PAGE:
How Adults Stop Building Their Vocabularies

Then, eventually , at some point in your adult life (unless you are the rare exception), you gradually lost your compulsive drive to discover, to understand, to know.

Eventually, therefore, you gradually lost your need to increase your vocabulary – your need to learn the words that could verbalize your new discoveries, your new understanding, your new knowledge.

Ronald Gelatt, in a review of Caroline Pratt’s book I Learn from Children, describes this phenomenon as follows:

All normal human beings are born with a powerful urge to learn. Almost all of them lose this urge, even before they have reached maturity. It is only the few . . . who are so constituted that lack of learning becomes a nuisance. This is perhaps the most insidious of human tragedies.

Children are wonders at increasing their vocabularies because of their ‘powerful urge to learn’. They do not learn solely by means of words, but as their knowledge increases, so does their  vocabulary – for words are the symbols of ideas and understanding.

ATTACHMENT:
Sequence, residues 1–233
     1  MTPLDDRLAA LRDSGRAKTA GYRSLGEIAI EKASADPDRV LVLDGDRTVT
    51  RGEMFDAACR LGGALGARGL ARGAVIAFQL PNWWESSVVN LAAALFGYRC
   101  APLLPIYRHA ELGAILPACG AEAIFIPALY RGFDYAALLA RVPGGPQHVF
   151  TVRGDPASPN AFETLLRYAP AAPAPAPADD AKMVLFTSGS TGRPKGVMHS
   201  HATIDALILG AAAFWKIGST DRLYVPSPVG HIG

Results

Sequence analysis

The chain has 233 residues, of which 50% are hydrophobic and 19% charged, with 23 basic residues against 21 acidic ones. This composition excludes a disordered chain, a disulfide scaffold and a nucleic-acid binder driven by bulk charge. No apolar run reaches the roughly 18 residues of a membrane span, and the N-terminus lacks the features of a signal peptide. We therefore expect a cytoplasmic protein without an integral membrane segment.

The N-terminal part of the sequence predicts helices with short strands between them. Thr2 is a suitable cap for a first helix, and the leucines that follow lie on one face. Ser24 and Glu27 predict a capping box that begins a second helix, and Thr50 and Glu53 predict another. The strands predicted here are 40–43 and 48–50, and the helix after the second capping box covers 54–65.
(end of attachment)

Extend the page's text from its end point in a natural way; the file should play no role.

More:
(If you are a parent, you perhaps remember , that crucial and trying period in which your child constantly asked ‘Why?’. The ‘Why?’ is the child’s method of finding out. How many adults that you know go about asking and thinking ‘Why?’ How often do your yourself do it?)

The adults who ‘lose this urge’, who no longer feel that ‘lack of learning becomes a nuisance’, stop building their vocabularies. They stop learning, they stop growing intellectually, they stop changing. When and if such a time comes, then, as Mr. Gelatt so truly says, ‘This is perhaps the most insidious of human tragedies’. But fortunately the process is far from irreversible.

If you have lost ‘powerful urge to learn’, you can regain it – you can regain your need to discover, to understand, to know.

And thus you can start increasing your vocabulary at the same rate as when you were a child.

I am not spouting airy theory. For over thirty-five years I have worked with thousands of adults in my college courses in vocabulary improvement, and I can state as a fact, and without qualification, that:

If you can recapture that ‘powerful urge to learn’ with which you were born, you can go on increasing your vocabulary at a prodigious rate –

No matter what your present age.

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